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Title: Modelling death and growth of Bacillus cereus spores in Sous Vide processing
Author: Li, Hao.
ISNI:       0000 0001 3609 3120
Awarding Body: Leeds Metropolitan University
Current Institution: Leeds Beckett University
Date of Award: 2007
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Spores of psychrotrophic strains of Bacillus cereus have been of more and more concern in so us vide products due to their high heat resistance and the capability of the organism to grow at low temperatures. Laboratory media and real foods have been commonly used but the effects of the nutrient content of foods on the growth and death of microorganisms have not been well researched. The purposes of this study were to: (1) investigate the effect of environmental factors on the death and growth of B. cereus spores in Brain Heart Infusion (BHI) broth and simulated food during heating, chilling and storage, and (2) model and validate death and growth curves of B. cereus spores in BHI and simulated food during heating, chilling and storage. Central composition experiment design was used and a total of 38 heating/chilling experiments and 30 storage experiments were performed in BHI broth, and 53 heating/chilling experiments and 53 storage experiments in simulated food. The range of factors investigated were: heating temperature (75 - 95°C), storage temperature (4 - 12°C), pH (5.0 - 7.5), sodium chloride concentration (0.5 - 6.5%, w/v) , sucrose concentration (0 - 7.5%, w/v) , fat concentration (0 - 20%, w/v) and protein concentration (0 - 20%, w/v). The death of B. cereus spores significantly increased with a rise of heating temperature. Increasing pH and sodium chloride concentration produced protective effects on the heat resistance of spores, and resulted in an increase in shoulder time and a decrease in death rate. Above a temperature of 85°C, increasing sucrose concentration can reduce the death rate in BHI broth. Increasing storage temperature and pH value and lowering sodium chloride concentration stimulated the growth of B. cereus. Once growth occurred, the sucrose concentration did not show a significant effect on the growth rate and the final population of B. cereus in stationary phase. Compared with results from BHI broth, a relatively lower death rate of B. cereus spores II was observed in simulated food, and its effects were food composition dependent, i.e. higher fat and protein concentrations led to a lower death rate and a longer shoulder time. In addition, a remarkable tail phase phenomenon was observed in simulated food. For growth experiments, longer lag times and slower growth rates were found in simulated food than in BHI broth. A high protein concentration, i.e. ~15%, had a markedly inhibitory effect on the growth rate. Increasing fat concentration from 0% to 20% could definitely prolong the lag time. The death and growth of B. cereus spores was modelled by neural networks and mathematical models. Neural networks cannot be employed as the one-step model in modelling the death and growth of microorganisms because they are incapable of producing smooth death or growth curves and unexpected fluctuations or over-fitting are often observed in the modelling. Two new primary mathematical models, i.e. proposed models A and B were developed to model the death and growth curves of B. cereus spores. This work demonstrated that in terms of R2 and RMSE, the two models produced better fitting than previously established death models, for example the Whiting model and the Xiong model and growth models, for example the modified Gompertz model and the Buchanan model. In combination with response surface models and neural network models as secondary models, proposed models A and B were effective in predicting the death and growth of B. cereus spores in full model analysis.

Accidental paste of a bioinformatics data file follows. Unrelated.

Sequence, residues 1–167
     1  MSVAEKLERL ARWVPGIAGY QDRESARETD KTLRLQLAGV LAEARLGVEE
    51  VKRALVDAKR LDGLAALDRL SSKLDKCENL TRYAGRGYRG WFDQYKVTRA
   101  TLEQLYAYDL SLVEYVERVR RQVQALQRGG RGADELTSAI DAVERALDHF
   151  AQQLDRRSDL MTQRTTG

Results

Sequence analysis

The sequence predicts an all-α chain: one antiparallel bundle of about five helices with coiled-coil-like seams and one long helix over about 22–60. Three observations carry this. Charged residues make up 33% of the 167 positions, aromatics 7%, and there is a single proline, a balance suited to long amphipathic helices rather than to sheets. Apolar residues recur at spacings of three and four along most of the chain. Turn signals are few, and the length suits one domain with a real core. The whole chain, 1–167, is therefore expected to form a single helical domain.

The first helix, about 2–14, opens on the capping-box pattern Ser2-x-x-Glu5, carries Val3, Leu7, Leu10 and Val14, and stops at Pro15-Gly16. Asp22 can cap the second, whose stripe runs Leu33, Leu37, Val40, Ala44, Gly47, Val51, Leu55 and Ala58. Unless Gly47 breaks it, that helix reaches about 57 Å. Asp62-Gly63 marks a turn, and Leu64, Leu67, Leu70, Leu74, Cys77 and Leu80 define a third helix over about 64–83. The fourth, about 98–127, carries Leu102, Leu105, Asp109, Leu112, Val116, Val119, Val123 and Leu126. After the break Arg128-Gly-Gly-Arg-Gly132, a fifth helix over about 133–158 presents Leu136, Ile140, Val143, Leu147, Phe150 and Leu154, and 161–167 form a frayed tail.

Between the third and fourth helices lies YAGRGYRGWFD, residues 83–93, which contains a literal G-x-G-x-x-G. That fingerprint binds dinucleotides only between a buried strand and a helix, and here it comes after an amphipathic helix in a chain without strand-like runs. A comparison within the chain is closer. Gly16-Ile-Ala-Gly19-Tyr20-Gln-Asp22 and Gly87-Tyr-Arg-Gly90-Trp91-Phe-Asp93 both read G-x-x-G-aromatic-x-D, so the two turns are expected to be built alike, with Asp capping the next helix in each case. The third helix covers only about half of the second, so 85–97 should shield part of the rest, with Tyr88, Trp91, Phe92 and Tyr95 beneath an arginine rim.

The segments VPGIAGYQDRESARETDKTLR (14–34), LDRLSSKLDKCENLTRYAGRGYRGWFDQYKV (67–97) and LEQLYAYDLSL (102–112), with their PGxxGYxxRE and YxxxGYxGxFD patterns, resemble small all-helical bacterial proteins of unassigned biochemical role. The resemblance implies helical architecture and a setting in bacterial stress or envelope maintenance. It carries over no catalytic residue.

Supervisor: Not available Sponsor: Not available
Qualification Name: Thesis (Ph.D.) Qualification Level: Doctoral
EThOS ID:  DOI: Not available